What is the future of our country’s food production?


Ian Bell OBE reflects on the future of our country’s self-sufficiency.

The Second Reading of the Agriculture Bill in the Lower House poses more questions than answers but it confirms the Secretary of State’s direction of travel.  Since Michael Gove’s speech at the Oxford Farming Conference in January, his consultation ‘Health and Harmony’ and now the Agriculture Bill, one certainty is that any farm support is going to focus on public goods and I find it incredible that ‘food’ is not considered to be a public good.

For the first time in forty-five years the overall amount of money dedicated for farm support will be decided by HM Treasury,not the European Commission, through the Common Agricultural Policy.  Whatever your views about our European partners, the vociferous and sometime rebellious nature of the French and German farmers have helped the UK farmer reach a more advantageous deal.  Now we are on our own arguing around the cabinet table with Health, Education, Defence and other departments.  Although the white paper suggests that the Basic Payment Scheme will have a seven-year taper, it is unprecedented for a government to commit funding beyond the length of a Parliament and will be subject to spending reviews.  The prospect of drawing down seven years of payments at the outset could be quite appealing.

Attending a seminar hosted by the Dutch Ambassador to the UK and Promar International we debated what was a ‘public good’.  We covered water, carbon, biodiversity, energy, leisure, obesity, education but what wasn’t discussed was the one thing that everyone in the country should be concerned about – food!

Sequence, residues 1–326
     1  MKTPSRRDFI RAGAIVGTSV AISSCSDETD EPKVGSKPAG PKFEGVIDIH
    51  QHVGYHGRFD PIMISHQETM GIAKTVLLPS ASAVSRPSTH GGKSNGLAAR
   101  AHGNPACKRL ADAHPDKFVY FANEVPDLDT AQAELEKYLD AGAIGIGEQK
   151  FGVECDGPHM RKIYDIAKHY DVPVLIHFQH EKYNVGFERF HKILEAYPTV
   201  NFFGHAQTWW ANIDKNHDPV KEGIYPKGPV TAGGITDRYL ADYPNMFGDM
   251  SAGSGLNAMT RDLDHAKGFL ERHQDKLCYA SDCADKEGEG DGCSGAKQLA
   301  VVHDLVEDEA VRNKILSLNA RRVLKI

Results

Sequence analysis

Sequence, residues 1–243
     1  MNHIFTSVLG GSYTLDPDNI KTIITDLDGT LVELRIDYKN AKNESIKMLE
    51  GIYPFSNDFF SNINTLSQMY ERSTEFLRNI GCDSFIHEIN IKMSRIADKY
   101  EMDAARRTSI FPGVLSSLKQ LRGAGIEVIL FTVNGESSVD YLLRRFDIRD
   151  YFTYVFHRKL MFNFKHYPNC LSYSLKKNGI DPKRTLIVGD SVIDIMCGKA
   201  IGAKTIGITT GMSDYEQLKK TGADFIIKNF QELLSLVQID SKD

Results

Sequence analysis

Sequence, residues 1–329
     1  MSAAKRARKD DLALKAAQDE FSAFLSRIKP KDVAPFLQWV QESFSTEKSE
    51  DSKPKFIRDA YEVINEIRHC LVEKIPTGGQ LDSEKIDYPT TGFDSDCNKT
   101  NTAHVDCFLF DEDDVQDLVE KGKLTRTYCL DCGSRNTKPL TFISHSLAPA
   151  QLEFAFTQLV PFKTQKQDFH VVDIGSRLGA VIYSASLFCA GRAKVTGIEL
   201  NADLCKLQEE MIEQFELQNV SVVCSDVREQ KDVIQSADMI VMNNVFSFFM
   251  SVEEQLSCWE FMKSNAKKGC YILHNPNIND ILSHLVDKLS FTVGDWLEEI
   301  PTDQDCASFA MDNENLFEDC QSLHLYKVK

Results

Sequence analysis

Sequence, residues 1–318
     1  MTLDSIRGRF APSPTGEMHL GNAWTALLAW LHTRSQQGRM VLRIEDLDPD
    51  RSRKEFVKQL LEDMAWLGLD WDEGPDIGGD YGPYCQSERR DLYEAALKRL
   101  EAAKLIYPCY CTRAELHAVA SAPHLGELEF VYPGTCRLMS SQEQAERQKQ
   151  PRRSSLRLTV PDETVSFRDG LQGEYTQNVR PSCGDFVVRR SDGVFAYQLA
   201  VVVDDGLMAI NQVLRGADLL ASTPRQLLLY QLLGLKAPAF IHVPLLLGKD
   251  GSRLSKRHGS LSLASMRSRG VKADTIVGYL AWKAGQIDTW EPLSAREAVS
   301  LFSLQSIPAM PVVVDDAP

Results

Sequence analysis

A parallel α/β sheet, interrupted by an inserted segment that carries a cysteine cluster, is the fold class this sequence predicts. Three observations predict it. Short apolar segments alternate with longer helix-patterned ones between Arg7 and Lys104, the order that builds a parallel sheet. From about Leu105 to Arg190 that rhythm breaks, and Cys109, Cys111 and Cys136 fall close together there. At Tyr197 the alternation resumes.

I do have some sympathy with one aspect of  the Secretary of State’s strategy and that is  we must look after our soils.  The advent of Oilseed Rape in the seventies gave us a break crop that was profitable.  On many heavy clay soils we have been growing wheat and oilseed rape back-to-back and in doing so we now have uncontrollable levels of blackgrass. The under-drainage schemes we put in with funding from the EU Farm and Horticultural Scheme are breaking down and organic matter levels are abysmal.  Whilst I agree we must embrace science, we should also not forget history and remember why Viscount Townshend invented the ‘Norfolk 4-Course Rotation’ in the 18th Century.

The tragedy of the Foot and Mouth Epidemic in 2001 led to the demise of the MAFF – the Ministry of Agriculture, Fisheries and Food, and the dawning of DEFRA – the Ministry of Environment, Food and Rural Affairs.  In the Dutch elections last November, the new coalition government re-instated a dedicated Ministry of Agriculture with its own Minister.  Should we be looking for a similar change here?  Can DEFRA, as a department, deal fairly with the conflicts of delivering public goods and producing food or is everyone content to allow our level of self-sufficiency in food to fall to 50% or even lower?

I’d be interested to hear your views.  You can call us or email me – I’d love to tell you about the livestock and arable farmers we’re helping to grow, develop and diversify as they deal with some of these issues.


    by Ian Bell OBE, Head of Farm & Rural Engagement